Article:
“One of my patients, a 2-year-old girl, recently came to the clinic for her checkup … Her mother turned to me, trying to hide her tears. She thought the water was safe, and why not? The authorities told her it was. She mixed her daughter’s baby formula with warm tap water. She got a filter only when the National Guard came to her door this year. Now she wonders, will her daughter be O.K.?”[1] 

Those are the words of Dr. Mona Hanna-Attisha, from her recent piece in the New York Times, in which she describes the uphill battle Flint residents face as they deal with the effects of lead poisoning. Hanna-Attisha is the Flint pediatrician who led the charge in proving that Flint water was tainted by lead and was poisoning the community. Without her drive and dedication to the children of Flint, it is hard to say how long government officials might have left the public in the dark about the mounting crisis. In honor of Women’s History Month we’re recognizing Dr. Hanna-Attisha -- a doctor, mother, and activist -- who has relentlessly fought for the public interest. 

Dr. Hanna-Attisha is a practicing pediatrician at the Hurley Medical Center in Flint, Michigan, but she took on a special project when she heard about Virginia Tech reports of Flint’s lead-tainted water. Virginia Tech had become involved with the crisis when a Flint resident, Lee-Anne Walters, called Virginia Tech professor and expert on water quality Marc Edwards, for his help.[2] His team tested Walters’ water and found shockingly high lead levels.

As a pediatrician, Dr. Hanna-Attisha was especially alarmed by the Virginia Tech report because of her familiarity with the damaging and irreversible effects of lead poisoning on children. With her patients’ past lead screening results readily available, she took on what she called “the easiest research project I have ever done,” and examined lead records from 2013 to 2015 to see if blood lead levels had increased.[3] She found that her patients’ lead levels had nearly doubled following Flint’s water-source switch to the Flint River.[3]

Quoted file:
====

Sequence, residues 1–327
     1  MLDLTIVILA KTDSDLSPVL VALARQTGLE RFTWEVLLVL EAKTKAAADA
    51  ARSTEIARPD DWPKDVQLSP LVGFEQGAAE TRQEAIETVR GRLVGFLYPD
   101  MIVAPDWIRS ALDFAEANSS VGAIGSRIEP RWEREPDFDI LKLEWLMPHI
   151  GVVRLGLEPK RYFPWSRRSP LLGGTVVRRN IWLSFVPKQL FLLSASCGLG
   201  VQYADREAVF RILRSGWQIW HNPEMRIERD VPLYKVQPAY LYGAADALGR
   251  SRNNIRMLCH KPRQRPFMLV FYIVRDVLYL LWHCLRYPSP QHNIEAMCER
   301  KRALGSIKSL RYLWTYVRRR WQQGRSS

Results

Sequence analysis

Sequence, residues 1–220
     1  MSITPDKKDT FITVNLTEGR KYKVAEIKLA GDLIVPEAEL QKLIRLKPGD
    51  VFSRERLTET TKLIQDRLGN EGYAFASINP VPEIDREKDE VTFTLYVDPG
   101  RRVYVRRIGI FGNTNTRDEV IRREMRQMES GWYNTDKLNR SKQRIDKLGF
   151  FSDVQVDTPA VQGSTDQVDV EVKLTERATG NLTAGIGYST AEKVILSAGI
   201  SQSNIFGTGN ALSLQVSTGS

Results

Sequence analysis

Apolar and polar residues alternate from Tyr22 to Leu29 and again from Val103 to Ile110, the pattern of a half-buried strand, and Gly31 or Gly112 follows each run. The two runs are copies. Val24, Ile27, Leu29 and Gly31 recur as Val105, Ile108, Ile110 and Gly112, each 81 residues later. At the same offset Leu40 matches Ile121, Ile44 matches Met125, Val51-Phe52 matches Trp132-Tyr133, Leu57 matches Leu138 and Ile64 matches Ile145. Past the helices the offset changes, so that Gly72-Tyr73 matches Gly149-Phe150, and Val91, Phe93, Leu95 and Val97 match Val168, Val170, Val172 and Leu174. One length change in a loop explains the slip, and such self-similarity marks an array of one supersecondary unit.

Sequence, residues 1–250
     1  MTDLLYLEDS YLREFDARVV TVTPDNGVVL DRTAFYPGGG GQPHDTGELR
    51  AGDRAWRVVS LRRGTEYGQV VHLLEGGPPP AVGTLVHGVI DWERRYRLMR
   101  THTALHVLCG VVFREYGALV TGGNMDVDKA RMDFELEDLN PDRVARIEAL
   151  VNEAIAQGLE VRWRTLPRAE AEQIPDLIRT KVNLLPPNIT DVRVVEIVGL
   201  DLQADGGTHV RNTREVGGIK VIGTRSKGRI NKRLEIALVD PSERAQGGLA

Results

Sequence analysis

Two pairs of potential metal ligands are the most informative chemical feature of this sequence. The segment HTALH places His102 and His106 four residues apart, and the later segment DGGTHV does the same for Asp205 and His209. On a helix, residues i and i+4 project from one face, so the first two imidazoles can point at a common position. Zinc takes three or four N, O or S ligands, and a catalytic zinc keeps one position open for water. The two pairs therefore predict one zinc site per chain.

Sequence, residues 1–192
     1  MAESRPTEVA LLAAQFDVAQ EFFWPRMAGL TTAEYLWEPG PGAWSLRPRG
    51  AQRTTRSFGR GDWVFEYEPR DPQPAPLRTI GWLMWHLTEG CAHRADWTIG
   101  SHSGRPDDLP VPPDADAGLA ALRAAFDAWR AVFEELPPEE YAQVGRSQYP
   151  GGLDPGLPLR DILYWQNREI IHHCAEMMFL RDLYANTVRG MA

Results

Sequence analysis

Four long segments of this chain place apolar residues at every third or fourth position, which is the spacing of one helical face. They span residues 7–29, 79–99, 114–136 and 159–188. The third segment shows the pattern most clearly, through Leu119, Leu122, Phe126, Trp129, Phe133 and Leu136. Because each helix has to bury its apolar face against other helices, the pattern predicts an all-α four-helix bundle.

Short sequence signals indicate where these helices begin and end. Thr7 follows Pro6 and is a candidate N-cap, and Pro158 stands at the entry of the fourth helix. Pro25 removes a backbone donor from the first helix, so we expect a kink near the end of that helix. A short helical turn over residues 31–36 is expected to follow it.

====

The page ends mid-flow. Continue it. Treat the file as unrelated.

Dr. Hanna-Attisha knew she had a moral obligation to inform the public right away, so she went to the press while her findings were pending review.[3] Though they have now been published in a peer-reviewed journal, her investigation was initially met with fierce scrutiny. The state and their researchers denied the results and accused her of causing hysteria.[5] But she pressed forward and met with state researchers many times to compare data. Then, about a week after attacking her reputation, the state reversed course and admitted she was right. Only then did Governor Rick Snyder announce a plan to reconnect Flint to the Detroit water supply.[4] 

Now, Dr. Hanna-Attisha is turning to solutions and has become a relentless advocate for the cause. She’s fighting for important early intervention measures such as universal preschool, nutritional education, and health screenings.[5] “There’s no treatment, but there’s a lot of things we can put in place for these children,” she says.[5]

Dr. Hanna-Attisha has weathered harsh criticism for going against the status quo, but has continued to show dedication to children’s health in the face of the crisis, and has given a voice to her struggling community. This Women’s History month, we honor her perseverance in fighting for public health -- and specifically children’s health -- despite the resistance she faced from critics and state officials who disputed her data. She reminds us that one person can make a difference, and that no one should stand idly by in the face of injustice. We’ll leave you with this concluding quote from Dr. Hanna-Attisha’s New York Times piece:

“As she reaches for my stethoscope again, I tell her mom that she is going to be O.K. No, she’ll be great. With the nation’s help, we will heal. Because we are not a nation that can accept 11,846 parts per billion of lead in drinking water. Or the consequences for the children of Flint.”[1]

[1] The New York Times, "The Future of Flint's Children," 3/26/2016.

[2] The Detroit News, "Virginia Tech Expert helped expose Flint water crisis," 1/24/2016.

[3] DemocracyNOW, "Flint Doctor Mona Hanna-Attisha on How She Fought Gov't Denials to Expose Poisoning of City's Kids," 1/15/2016.

[4] CNN, "Flint water crisis timeline: How years of problems lead to lead poisoning," 3/3/2016.

[5] CNN, "'Our mouths were ajar': Doctor's fight to expose Flint's water crisis," 1/22/2016.